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Preserving Affordable Rental Housing

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Preserving Affordable Rental Housing

Image of affordable rental housing.
Each year, a large number of affordable rental units are lost from the nation’s housing supply due to demolition, deterioration of aging properties, expiring federal contracts and affordability controls, and gentrification. At the same time, the demand for affordable rental housing continues to intensify. Research shows sharp increases in the number of very low-income renters and renters paying more than 50 percent of their income toward housing costs. Furthermore, weak economic conditions and a widespread foreclosure crisis have turned millions of homeowners into renters, adding pressure on the rental housing market. Preserving the nation’s existing stock of affordable rental housing is critical to meeting this growing demand. On June 28, 2013, HUD’s Office of Policy Development and Research hosted a panel discussion on preserving affordable rental housing as part of its Quarterly Briefing series, building on the content of the upcoming Evidence Matters issue on this topic. The panel, moderated by Margaret Salazar, acting director of the Office of Affordable Housing Preservation, brought together practitioners and HUD staff to share their perspectives and discuss preservation challenges, tools, and useful practices enabling a comprehensive discussion of the issue.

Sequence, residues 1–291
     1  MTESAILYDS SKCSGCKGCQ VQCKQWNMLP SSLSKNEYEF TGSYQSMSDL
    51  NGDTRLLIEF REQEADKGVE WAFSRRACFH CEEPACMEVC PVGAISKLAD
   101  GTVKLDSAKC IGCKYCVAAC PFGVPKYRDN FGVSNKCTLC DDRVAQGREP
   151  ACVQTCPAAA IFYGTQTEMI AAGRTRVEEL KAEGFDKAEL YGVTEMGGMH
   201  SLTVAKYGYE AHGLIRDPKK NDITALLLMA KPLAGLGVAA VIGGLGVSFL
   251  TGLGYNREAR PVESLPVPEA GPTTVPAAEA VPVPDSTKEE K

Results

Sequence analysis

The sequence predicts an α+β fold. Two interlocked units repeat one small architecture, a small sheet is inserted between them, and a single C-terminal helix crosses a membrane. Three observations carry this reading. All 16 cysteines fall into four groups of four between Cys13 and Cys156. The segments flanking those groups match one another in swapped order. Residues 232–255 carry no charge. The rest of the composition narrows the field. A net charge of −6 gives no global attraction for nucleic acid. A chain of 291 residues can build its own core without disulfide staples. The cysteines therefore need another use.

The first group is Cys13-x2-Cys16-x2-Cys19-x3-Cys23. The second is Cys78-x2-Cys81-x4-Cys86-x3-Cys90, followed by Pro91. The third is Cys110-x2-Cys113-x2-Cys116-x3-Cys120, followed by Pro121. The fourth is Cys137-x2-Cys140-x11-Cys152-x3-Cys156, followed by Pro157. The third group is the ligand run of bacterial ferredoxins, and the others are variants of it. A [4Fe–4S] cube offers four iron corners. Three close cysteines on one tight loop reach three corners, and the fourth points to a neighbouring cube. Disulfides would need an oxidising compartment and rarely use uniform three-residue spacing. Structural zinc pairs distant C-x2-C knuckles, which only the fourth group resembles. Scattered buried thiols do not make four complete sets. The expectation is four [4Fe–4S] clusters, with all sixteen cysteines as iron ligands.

One of the key challenges to preserving rental housing is early identification of properties that are at risk of being lost from the affordable housing inventory. Access to timely data and analysis enables practitioners to detect such at-risk units and take appropriate action. Anne Ray, manager of the Florida Housing Data Clearinghouse at the Shimberg Center for Housing Studies, described the various databases and tools available on the clearinghouse’s website and how they can help stakeholders make strategic preservation decisions. One such tool is the Assisted Housing Inventory (AHI), a searchable database of Florida’s affordable rental housing stock that includes information about the location, number of units, subsidy layers, affordability period, ownership, and tenant characteristics for each property. Florida’s state housing finance agency uses AHI to identify potential preservation projects, and developers use it to obtain information on projects financed with low-income housing tax credits. The clearinghouse also hosts the Lost Properties Inventory (LPI), which catalogues properties that have exited the affordable housing inventory since 1993. LPI is both an advocacy tool that allows people to see net losses and gains and a research tool to measure how the rental housing inventory changes over time. Another tool offered through the Shimberg Center, the Affordable Housing Suitability Model, is a GIS-based model that allows users to evaluate the suitability of properties for affordable housing development or preservation using variables such as neighborhood characteristics, neighborhood accessibility, available infrastructure, driving cost, and transit accessibility.